The problem is that the semantic subtleties will be lost on most members of the public, and the public debate then becomes about whether it’s ok or not to use state violence (imprisonment) to stop this kind of “family violence.” It’s a false choice based on a faulty understanding of the problem, and injects rocket fuel into an already heated debate about people changing genders, and how many genders there are. Instead of focusing exclusively on making arguments against a binary concept of gender, or in favour of acceptance of trans-genderism, their proponents will focus more energy on using the power the state to achieve their aims, if the state appears receptive. This judgement by the BC Supreme Court sends a clear message that it is receptive, and that compelled speech (e.g. requiring the father to use the gender pronouns his child prefers) is one of the remedies it is willing to apply, even though this may violate constitutionally protected freedoms of expression.

Historically, courts were not activist institutions looking to change society by mandate or decree. The English common-law tradition practiced in Canada was always been conservative in nature, seeking to spell out the principles of law on which the vast majority could agree. Today, courts are increasingly used to impose the will of the progressive minority on to the rest of society.

The trend is most clearly seen in Canada’s Human Rights Tribunals, which are not staffed by trained legal professionals and are often instead staffed by people who have made a career of fighting for progressive social justice causes. The modus operandi of these institutions is to accelerate cultural change, rather than to act as impartial arbiters, and it seems that courts of law are being enlisted in this effort.

This presents a serious problem as we move further into the 21st century. The reason why we’re having fierce debates about gender in 2019 (as opposed to 1969), is that the technology is now available to modify a person’s sex in profound in ways that were not available 50 years ago. We can’t yet change DNA (a woman who undergoes a sex change to become a man still can’t trade half her X chromosomes for Y’s), but the possibility is not too far off. And it’s coincidence that the interest by many young people in switching genders has occurred in the age of social media, where individuals have great latitude in how they craft their online identities.

Genetic manipulation and other new technologies will open up other avenues for individuals to become something they were not born as. The technology to change one’s appearance so as to look like a different race (by reconstructive facial surgery, hair replacement, and skin colour changes) already exists, and will continue to improve (if there’s a demand for it).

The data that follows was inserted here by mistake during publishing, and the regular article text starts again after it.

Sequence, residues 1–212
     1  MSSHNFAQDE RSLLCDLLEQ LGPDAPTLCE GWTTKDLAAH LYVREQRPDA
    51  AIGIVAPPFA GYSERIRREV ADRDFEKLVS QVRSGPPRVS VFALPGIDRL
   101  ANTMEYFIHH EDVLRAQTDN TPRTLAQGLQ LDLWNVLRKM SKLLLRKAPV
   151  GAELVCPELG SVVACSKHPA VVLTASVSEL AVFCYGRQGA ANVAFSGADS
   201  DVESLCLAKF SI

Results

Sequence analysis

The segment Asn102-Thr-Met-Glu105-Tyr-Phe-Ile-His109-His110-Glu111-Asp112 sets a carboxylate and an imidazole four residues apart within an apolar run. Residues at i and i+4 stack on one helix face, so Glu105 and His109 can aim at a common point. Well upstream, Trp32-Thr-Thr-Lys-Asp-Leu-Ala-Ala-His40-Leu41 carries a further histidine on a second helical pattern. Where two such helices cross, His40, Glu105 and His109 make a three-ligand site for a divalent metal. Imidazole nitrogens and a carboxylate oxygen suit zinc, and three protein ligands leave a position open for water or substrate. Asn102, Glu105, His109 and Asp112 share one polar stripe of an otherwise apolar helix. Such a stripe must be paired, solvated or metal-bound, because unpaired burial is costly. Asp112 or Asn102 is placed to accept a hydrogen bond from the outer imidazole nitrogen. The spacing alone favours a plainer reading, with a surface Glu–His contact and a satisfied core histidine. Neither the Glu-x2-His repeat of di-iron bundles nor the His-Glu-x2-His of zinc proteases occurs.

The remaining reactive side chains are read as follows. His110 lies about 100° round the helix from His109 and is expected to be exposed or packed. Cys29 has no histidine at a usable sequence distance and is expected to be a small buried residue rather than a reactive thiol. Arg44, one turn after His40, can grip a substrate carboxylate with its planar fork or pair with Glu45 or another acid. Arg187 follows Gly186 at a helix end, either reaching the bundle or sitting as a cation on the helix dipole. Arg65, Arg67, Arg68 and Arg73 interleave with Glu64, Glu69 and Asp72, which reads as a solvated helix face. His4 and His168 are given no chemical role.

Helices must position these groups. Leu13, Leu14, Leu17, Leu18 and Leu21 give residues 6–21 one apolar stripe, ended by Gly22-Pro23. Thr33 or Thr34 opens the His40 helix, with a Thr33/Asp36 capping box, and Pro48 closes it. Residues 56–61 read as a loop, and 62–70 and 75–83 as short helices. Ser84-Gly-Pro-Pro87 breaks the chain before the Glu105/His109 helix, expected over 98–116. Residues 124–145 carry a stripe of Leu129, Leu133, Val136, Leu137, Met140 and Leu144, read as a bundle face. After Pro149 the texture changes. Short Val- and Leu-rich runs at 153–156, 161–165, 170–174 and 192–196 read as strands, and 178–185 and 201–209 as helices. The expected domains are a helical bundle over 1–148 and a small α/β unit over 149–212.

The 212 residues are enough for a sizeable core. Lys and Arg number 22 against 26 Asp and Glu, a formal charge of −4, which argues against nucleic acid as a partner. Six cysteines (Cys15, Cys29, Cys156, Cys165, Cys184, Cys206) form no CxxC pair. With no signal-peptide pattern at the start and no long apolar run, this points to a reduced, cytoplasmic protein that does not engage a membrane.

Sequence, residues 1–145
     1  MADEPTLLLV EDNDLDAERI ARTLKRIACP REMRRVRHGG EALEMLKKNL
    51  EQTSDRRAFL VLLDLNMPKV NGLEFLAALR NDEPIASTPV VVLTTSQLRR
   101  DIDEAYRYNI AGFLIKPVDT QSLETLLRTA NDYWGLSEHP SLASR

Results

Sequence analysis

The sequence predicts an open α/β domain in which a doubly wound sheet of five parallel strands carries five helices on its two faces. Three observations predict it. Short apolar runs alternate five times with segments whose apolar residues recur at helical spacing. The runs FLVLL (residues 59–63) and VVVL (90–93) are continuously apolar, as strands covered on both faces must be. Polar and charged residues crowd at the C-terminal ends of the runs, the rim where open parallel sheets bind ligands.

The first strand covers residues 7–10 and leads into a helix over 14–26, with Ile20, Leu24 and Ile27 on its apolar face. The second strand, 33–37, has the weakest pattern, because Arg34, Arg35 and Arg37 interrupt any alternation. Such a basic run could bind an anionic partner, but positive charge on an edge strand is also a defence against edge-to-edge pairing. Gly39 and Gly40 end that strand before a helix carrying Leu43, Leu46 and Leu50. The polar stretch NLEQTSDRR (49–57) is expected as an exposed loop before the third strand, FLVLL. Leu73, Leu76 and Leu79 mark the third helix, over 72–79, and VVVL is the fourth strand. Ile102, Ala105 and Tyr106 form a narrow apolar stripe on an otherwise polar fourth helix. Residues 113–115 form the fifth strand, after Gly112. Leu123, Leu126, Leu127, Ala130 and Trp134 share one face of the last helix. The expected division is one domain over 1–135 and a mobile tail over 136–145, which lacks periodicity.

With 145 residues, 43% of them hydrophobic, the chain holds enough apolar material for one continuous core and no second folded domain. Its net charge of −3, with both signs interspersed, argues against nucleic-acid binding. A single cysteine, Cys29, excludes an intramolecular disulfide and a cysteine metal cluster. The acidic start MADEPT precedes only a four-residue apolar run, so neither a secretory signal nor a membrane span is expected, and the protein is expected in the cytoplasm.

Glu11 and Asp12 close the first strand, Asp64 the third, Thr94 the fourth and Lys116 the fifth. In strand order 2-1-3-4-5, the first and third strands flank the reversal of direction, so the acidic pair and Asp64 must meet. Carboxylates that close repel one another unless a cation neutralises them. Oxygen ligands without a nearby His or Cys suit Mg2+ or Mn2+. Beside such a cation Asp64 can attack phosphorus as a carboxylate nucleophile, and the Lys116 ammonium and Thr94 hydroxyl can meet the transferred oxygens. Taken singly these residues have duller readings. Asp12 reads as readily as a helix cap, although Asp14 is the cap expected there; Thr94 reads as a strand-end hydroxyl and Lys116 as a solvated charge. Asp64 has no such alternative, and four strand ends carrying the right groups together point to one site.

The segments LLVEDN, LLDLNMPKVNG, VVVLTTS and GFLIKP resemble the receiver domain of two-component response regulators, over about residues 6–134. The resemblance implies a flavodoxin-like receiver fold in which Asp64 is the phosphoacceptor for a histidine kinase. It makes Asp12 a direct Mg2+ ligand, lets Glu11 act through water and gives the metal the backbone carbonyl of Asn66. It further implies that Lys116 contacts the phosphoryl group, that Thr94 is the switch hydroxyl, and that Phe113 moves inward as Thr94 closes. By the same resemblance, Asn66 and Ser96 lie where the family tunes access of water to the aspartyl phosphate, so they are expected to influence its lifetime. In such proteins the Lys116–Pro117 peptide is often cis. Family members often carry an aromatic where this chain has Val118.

And this is just the tip of the iceberg. What happens when humans are able to incorporate animal DNA into their bodies, or use other means to add non-human features to their appearance? A guy with a rhino horn sticking out of his forehead who insists he’s a rhino may seem laughable to us today, but if you told people 50 years ago that in 2019, people would be undergoing mastectomies and reconstructive surgery on their genitals to change their sex, they would have been just as incredulous.

It doesn’t stop there. What if 50 years from now, people spend the vast majority of their time in virtual environments where there are no physical limitations on their appearance? If all the meaningful parts of one’s life are conducted via his virtual avatar, then it could be argued that one’s adopted virtual identity is as real, if not more real, than one’s biological identity.

It won’t be long until the courts and society at large will have to grapple with such complicated issues of identity. If the approach of progressive activists and their allies in the courts is going to be to use the coercive power the state to make individuals recognize the adopted identity of other individuals, we’re heading for a very strange and nasty world.

BC’s courts, as they exist today, don’t even have the capacity to handle the current volume of civil and criminal cases that are put before them. If the scope is expanded to acting as identity enforcers, I don’t see how they could cope. So possibly some new branch of government could be created to police how people interact with one another and ensure that everyone’s unique identities are respected. Such a scheme would either be unworkable, or highly repressive.

In order to streamline things, the government would surely create a list of approved identities, for which individuals would have to apply for a license. Soon we’d have a new monopolistic ICBC (Identity Certification of British Columbia) taking fees and handing out ID badges with pictures of dragons, Vulcans and giraffes on them.

Bureaucracies try to standardize things as much as possible, which is the exact opposite of what people are trying to achieve by adopting all sorts of different ideas, so the ICBC model isn’t going to work. The only realistic alternatives are voluntary ones, where people find ways of coming to terms with the identities of others without it coming to blows.

Over most of human history, cultural changes, including the appearance and acceptance of new identities, have happened quite slowly. During the past 100 years, western liberal societies have demonstrated that they are pretty good at adapting to cultural changes without coming apart at the seams, but the next 100 years will really put our tolerance to the test. We are going to face some serious challenges to what it means to be human, and who counts a person, entitled to the rights we believe all humans deserve.

Our rulers are not wise enough to figure this out on their own. It’s going to require many conversations between people at all levels of society if we’re to have a chance of achieving something close to a common cultural understanding. And those conversations will need to be frank but respectful if they’re to achieve anything. Using the heavy hand of government to limit what can be said or force those conversations in a certain direction will ultimately fail, but has the potential to do a lot of harm along the way.

Clayton Welwood is the  BC Libertarian candidate for North Vancouver-Seymour, and leads the Party’s  Outreach Committee. If you would like to help us preserve freedom of expression in BC, join the Party today for just $5 a year.